The citadel was begun six years later "ad coercendam Perusinorum audaciam."
In the south-western corner of the enclosure stands the citadel (ark), within a wall 25 ft.
The barracks and other military buildings occupy the site of the old citadel, an area of over 300 acres, to the west of the native town.
Harbour and citadel have now quite disappeared, the latter having been used to fill up the former shortly after the British occupation; some gain to health resulted, but an irreparable loss to science.
(c) In the 10th year (445 B.C.) Nehemiah returned with permission to rebuild the walls, the citadel and the governor's house (Neh.
Judas was at Emmaus; " the men of the citadel " guided a detachment of the Syrian troops to his encampment by night.
Judas entered Jerusalem, the citadel of which was still occupied by a Syrian garrison, and the Temple was re-dedicated on the 25th of Kislev (164 B.e.).
There had been, however, a good deal of other evidence available before 1876, which, had it been collated and seriously studied, might have discounted the sensation that the discovery of the citadel graves eventually made.
Memphis was the chief city of the 1st nome of Lower Egypt; in its early days it was known as "the white walls" or the "white wall," a name which clung to its citadel down to Herodotus's day.
Flinders Petrie began the systematic exploration of the ruins of Bedreshen, and in three seasons cleared up much of the topography of the ancient city, identifying the mound of the citadel and palace, a foreign quarter, &c. Among his finds not the least interesting is a large series of terra-cotta heads representing the characteristic features of the foreigners who thronged the bazaars of Memphis.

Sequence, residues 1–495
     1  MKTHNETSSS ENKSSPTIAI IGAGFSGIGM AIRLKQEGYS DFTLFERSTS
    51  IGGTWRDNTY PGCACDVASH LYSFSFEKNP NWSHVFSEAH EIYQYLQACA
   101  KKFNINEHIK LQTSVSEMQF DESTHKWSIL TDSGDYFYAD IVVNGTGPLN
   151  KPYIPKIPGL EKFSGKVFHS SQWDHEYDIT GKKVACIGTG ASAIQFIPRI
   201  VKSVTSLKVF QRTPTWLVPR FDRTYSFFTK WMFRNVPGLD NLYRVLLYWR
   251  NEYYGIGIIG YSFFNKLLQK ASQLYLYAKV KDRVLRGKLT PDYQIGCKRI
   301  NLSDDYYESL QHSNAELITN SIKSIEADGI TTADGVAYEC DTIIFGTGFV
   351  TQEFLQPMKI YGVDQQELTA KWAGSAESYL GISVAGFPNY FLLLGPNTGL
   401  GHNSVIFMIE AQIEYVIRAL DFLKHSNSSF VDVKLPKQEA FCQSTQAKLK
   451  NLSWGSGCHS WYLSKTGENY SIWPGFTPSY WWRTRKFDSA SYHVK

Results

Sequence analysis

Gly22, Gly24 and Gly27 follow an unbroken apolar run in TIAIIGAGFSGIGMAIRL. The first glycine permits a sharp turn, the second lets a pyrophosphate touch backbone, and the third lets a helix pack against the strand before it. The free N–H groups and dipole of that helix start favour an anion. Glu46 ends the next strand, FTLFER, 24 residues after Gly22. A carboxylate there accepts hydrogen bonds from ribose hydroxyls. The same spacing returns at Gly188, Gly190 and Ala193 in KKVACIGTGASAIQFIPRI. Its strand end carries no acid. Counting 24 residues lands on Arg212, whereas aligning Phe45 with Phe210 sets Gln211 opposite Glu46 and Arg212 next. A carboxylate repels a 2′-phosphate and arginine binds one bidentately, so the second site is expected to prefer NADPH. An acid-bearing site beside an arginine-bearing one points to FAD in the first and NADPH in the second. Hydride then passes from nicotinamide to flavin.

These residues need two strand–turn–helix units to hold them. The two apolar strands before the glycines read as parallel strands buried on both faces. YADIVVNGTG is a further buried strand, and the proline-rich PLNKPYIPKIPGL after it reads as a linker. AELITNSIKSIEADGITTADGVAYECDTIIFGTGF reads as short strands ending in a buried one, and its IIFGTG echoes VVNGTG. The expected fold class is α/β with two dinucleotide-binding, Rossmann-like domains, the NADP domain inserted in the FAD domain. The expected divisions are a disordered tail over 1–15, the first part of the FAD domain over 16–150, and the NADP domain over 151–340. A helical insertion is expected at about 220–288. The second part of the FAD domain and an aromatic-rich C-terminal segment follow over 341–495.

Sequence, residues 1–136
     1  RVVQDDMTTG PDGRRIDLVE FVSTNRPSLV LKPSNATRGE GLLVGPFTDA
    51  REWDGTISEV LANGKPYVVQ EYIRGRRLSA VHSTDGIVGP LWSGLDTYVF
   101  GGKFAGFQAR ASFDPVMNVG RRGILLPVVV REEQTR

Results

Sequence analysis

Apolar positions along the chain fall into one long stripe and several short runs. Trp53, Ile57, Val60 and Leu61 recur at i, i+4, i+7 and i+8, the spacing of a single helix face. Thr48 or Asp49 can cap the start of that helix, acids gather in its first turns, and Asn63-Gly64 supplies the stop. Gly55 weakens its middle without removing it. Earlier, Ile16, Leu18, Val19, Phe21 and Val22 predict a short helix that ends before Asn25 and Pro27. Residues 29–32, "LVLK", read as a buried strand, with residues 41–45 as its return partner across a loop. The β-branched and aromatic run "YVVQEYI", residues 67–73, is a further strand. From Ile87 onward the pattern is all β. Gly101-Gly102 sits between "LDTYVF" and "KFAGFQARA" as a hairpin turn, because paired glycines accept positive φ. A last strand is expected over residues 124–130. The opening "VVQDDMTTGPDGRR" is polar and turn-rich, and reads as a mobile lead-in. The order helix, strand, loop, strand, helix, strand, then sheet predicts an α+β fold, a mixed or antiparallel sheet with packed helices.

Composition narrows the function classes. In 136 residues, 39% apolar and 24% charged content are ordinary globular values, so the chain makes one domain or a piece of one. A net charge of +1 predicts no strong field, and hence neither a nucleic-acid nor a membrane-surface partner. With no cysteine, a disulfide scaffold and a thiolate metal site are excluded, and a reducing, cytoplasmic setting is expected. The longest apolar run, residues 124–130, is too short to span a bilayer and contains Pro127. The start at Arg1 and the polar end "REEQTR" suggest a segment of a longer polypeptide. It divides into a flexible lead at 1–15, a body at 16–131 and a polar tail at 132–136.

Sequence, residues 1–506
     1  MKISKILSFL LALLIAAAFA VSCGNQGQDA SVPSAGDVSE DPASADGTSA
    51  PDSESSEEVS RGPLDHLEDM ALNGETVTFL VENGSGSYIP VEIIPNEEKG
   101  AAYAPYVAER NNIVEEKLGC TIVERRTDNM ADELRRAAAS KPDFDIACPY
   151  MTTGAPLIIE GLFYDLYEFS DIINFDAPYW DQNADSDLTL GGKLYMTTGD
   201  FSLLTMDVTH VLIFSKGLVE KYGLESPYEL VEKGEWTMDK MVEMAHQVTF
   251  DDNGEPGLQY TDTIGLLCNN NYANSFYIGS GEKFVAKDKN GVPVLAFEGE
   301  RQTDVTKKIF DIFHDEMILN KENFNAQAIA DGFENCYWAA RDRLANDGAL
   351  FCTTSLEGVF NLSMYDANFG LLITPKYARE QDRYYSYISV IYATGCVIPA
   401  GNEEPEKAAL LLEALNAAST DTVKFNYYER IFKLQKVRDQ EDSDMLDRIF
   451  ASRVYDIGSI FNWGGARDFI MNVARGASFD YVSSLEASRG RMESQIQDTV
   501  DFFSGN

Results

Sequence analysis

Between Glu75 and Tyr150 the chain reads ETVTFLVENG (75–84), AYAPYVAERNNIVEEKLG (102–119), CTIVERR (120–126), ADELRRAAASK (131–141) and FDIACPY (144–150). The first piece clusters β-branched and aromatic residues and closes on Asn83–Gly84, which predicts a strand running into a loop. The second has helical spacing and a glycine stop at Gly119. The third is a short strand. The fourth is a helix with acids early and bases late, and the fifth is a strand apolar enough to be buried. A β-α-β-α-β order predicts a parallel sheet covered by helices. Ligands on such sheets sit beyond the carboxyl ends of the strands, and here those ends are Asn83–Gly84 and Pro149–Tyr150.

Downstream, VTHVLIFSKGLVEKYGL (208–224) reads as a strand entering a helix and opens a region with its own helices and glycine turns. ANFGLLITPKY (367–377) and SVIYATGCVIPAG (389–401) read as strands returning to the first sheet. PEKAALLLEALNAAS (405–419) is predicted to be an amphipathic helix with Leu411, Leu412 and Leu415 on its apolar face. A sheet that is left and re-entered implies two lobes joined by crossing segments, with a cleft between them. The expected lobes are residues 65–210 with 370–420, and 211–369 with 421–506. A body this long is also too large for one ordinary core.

Cardona is a picturesque and old-fashioned town, with Moorish walls and citadel, and a 14th-century church.
The various approaches to the citadel on the northern side - the rock-cut flight of steps north-east of the Erechtheum, the stairs leading to the well Clepsydra, and the intermediate passage supposed to have furnished access to the Persians - are all to be attributed to the primitive epoch.
These early fortifications of the Acropolis, ascribed to the primitive non-hellenic Pelasgi, must be distinguished from the Pelasgicum or Pelargicum, which was in all prob ab i l i ty an encircling wall, built round the base of the g citadel and furnished with nine gates from which it derived the name of Enneapylon.
The attempts of Ali Pasha of Iannina to make himself master of the place were thwarted partly by the presence of a French garrison in the citadel and partly by the heroic attitude of the Pargiotes themselves, who were anxious to have their city incorporated with the Ionian Republic. To secure their purpose they in 1814 expelled the French garrison and accepted British protection; but the British Government in 1815 determined to go back to the convention of 1800 by which Parga was to be surrendered to Turkey, though no mosque was to be built or Mussulman to settle within its territory.
To the north, just within the old wall line, stands the citadel, surrounded by a high wall, with a lofty clock-tower which commands an excellent view.
The citadel is half a mile north-east of the city, and is surrounded by a rampart with bastions.
Here were the various public buildings, which, when the power of the princes on Agora the citadel was transferred to the archons, formed the offices of the administrative magistracy.
The pathway between the citadel and the Areopagus was found to be so narrow that it is certain the Panathenaic procession cannot have taken this route to the Acropolis.
The old ramparts and bastions (excluding the circuit of the citadel of 1591, now in great part demolished, in the south-east) make an enceinte of about 41 m., but the enclosed area is not all occupied by streets and houses.